Figure 3. Scanned pictures of krill with markings to illustrate the width and height at CS1 and CS2.

Modeling of cross sections

To describe the shapes of the the cut cross sections of CS1 and CS2 (fig 2), the best parametric model was selected for each based on R2 and Akaike's Information Criterion (AIC) [21]. Ten different geometric models were tested for both CS1 and CS2 (see Appendix S1). Models that fit the data well have a high R2 value. Comparison between models with different numbers of parameters can be made using AIC values following the procedure described in Sistiaga et al. [11], and the model with the lowest AIC value is the one that best fits the data. A more detailed mathematical description of the chosen models is given in the Appendix S1. Each model is defined by three parameters (c1, c2, and c3). For each cross section (CS1 and CS2), we have a dataset consisting of measurements from the 30 individuals that includes the values for b, h, c1, c2, c3 and a cross section model. To be able to estimate a cross section of a krill specimen based on measurements of b and h at that cross section requires knowing how c1, c2, and c3 depend on b and h for the selected models. Therefore, for each cross section we assumed that cx (x = {1,2,3} can be modeled by a simple bilinear function in b and h including interaction. Thus we use:(1)Model (1) was applied using the lm function in statistical package R (version 2.15.2; to establish the models for c1, c2, and c3 for both CS1 and CS2. Each model term in (1) that was found to be non-significant was removed to establish the final models for how c1, c2, and c3 can be estimated based on b and h measured for each cross section (CS1 and CS2). The resulting models (Table 1) were subsequently applied to estimate the cross section shapes of other krill individuals based on measuring only b and h at CS1 and CS2.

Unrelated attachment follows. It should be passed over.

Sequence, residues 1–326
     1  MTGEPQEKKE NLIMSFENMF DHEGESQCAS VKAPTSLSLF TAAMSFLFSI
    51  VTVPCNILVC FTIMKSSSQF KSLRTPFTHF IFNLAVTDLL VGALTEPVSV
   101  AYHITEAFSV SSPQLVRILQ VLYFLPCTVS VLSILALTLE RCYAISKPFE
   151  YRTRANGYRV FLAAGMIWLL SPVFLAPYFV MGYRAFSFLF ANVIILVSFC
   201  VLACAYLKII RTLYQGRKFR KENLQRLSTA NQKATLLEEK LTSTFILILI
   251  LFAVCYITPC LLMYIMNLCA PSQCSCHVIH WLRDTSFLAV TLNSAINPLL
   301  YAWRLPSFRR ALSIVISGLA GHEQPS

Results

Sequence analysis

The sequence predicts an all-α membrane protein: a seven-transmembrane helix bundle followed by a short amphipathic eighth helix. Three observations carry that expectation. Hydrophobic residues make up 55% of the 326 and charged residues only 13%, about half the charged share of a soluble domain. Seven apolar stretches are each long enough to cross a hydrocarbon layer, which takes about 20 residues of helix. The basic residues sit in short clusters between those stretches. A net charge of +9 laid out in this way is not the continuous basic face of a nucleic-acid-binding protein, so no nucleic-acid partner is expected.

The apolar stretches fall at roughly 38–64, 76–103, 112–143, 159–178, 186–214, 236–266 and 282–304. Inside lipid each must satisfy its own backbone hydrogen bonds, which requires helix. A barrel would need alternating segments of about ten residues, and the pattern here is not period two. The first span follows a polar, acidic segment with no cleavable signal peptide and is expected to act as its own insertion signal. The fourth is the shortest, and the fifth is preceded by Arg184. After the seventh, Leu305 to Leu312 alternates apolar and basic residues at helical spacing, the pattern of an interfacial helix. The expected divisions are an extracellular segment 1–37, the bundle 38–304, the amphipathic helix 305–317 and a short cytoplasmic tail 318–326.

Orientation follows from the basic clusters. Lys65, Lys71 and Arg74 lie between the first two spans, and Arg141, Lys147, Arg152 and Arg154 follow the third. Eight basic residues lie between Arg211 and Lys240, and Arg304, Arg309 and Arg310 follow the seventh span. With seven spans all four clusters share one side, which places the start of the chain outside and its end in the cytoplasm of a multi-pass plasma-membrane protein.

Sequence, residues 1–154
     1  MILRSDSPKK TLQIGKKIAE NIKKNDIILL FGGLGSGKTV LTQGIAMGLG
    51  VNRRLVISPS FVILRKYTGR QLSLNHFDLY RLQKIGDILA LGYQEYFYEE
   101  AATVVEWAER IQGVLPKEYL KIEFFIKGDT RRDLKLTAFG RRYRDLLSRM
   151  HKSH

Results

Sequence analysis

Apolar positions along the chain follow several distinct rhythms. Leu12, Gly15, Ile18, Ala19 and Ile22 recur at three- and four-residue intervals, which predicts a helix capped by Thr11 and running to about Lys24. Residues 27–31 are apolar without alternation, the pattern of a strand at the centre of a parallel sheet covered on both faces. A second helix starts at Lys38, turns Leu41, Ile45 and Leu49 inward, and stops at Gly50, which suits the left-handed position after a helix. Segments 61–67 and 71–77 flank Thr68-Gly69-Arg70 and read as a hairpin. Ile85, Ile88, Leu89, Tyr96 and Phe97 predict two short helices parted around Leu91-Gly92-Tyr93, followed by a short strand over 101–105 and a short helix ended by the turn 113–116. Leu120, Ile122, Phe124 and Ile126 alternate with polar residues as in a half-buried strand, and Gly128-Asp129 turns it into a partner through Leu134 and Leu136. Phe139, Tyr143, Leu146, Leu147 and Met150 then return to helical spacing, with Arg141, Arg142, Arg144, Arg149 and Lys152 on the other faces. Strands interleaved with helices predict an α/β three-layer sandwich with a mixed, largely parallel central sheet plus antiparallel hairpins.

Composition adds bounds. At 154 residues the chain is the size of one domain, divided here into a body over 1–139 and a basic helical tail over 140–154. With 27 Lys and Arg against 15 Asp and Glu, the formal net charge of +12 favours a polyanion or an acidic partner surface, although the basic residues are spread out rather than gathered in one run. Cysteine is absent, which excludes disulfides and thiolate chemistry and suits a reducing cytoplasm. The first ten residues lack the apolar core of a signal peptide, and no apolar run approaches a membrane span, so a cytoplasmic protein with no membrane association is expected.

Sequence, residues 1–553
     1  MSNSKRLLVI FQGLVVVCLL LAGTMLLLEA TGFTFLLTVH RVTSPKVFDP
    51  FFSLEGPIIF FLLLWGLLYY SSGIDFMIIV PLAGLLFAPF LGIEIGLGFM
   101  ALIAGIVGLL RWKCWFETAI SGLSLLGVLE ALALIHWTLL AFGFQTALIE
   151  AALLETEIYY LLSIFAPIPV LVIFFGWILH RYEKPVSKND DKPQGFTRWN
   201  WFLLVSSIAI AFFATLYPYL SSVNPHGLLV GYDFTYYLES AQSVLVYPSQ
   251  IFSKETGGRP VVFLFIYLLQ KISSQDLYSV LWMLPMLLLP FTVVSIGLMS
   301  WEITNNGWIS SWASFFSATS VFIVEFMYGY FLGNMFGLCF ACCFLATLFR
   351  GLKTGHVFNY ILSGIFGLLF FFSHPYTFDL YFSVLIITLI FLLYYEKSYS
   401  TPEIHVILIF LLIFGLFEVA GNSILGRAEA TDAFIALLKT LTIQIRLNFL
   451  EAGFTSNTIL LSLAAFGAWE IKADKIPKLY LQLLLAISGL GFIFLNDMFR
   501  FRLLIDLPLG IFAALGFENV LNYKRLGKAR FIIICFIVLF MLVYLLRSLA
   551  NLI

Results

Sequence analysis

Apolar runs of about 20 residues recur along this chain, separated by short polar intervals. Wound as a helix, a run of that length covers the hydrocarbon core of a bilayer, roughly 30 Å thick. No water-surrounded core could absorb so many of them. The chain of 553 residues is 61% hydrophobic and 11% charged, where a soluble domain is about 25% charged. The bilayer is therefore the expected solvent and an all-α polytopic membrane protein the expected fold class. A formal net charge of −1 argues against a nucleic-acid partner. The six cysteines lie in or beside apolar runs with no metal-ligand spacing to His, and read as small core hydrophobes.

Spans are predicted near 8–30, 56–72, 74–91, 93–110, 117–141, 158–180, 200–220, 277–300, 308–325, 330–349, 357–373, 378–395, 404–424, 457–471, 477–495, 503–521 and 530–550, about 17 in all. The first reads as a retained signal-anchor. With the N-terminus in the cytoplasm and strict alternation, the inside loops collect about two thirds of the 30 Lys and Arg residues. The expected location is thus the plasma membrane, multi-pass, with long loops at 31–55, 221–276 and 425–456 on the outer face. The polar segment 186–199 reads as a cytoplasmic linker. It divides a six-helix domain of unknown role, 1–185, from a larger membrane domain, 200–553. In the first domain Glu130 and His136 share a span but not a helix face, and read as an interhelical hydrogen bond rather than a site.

Table 1. Model parameters and fit-statistics for model enabling that descriptions of CS1 and CS2 can be created based on height and width values of the cross sections alone.

Assessment of mesh shape and size of trawl netting